by Charlene Burgi
Spring is in the air. One minute the sun is warming the earth, and the next minute we are donning raincoats and grabbing umbrellas. While the weather is unpredictable, springtime consistently produces some of the most glorious wildflowers to be seen.
As I drove to Marin this week, I noticed sweet drifts of pink creeping phlox showing up along the roadside that, not so long ago, was covered in snow. Brilliant orange poppies spun their gold through meadows and the redbud shrubs burst into color as if vying for attention. New growth of green from deciduous trees seemed to dance through the forest of conifers still bearing the scars of winter storms.
I love spring. Everything seems to come alive. During one of those rare sky-blue warm days in March, I grabbed my camera and set out for a walk around the ranch hoping to find some wildlife to capture digitally. While nothing furry appeared before my lens, I did come across the most beautiful glossy yellow wildflowers. I was stunned by the intense color and couldn’t walk by without capturing their loveliness to share with you. I soon learned that the sagebrush buttercup, Ranunculus glaberrimus, is listed as a California native in the northeast part of the state. Amazingly, very few sightings are registered on the CalFlora website. Even more amazing is there is another buttercup, glossy buttercup, that looks much like the sagebrush buttercup but is considered a nocuous weed in many states. Research revealed subtle differences between the two, and I was greatly relieved that I wasn’t promoting an invasive weed!
My research on this little yellow beauty made me think about people collecting seeds from wildflowers. I wondered how many research their discoveries prior to gathering and sowing their finds. Many people new to Marin see the gorgeous yellow blooming bushes during this time of year. They frequent nurseries asking for the plants, not realizing those bushes are invasive Scotch and French brooms we are fighting to eradicate on the Mt. Tamalpais Watershed and in other parts of Marin. Once again, it is important to know your plants before propagating them!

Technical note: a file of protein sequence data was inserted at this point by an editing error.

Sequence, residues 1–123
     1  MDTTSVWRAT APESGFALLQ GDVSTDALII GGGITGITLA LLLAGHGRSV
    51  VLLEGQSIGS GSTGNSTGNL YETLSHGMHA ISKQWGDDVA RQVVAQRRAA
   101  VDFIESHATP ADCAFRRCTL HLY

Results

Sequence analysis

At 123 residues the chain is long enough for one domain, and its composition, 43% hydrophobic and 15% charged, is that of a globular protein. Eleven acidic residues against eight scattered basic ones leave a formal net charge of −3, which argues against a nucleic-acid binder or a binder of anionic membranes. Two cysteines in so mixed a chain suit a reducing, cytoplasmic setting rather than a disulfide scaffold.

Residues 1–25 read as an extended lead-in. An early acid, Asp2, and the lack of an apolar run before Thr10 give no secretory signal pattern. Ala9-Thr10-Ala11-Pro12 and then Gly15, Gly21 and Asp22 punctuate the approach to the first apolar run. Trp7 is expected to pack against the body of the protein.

Speaking of the Mt. Tamalpais Watershed, there are many wonderful spots to hike and see wildflowers this time of year. Take a stroll around Lake Lagunitas or explore the different habitats along Rocky Ridge. I hear that the iris and lupines are particularly beautiful this year! This is also the time of year to explore Days Island in Novato where native rockrose is found exclusively along with one other place in the Mediterranean. Those seeds are collected for propagation purposes. And the rockrose is a sure winner for planting in native gardens. (As a reminder, seed collecting is not permitted on the Mt. Tamalpais Watershed.)
If you are interested in adding native plants to your garden, don’t miss the Marin California Native Plant Society’s Annual Spring Plant Sale tomorrow, April 13, from 10:00 a.m. – 3:00 p.m. at Green Point Nursery in Novato. While visiting Marin, I spoke to staff members at the College of Marin and learned the Indian Valley Organic Farm & Garden also has its Spring Plant Sale coming up next weekend, April 20 – 21. In addition to native plants, they will be selling many organic vegetable starts. This is the perfect opportunity to collect healthy native and vegetable starter plants that thrive in the garden. Will I see you there?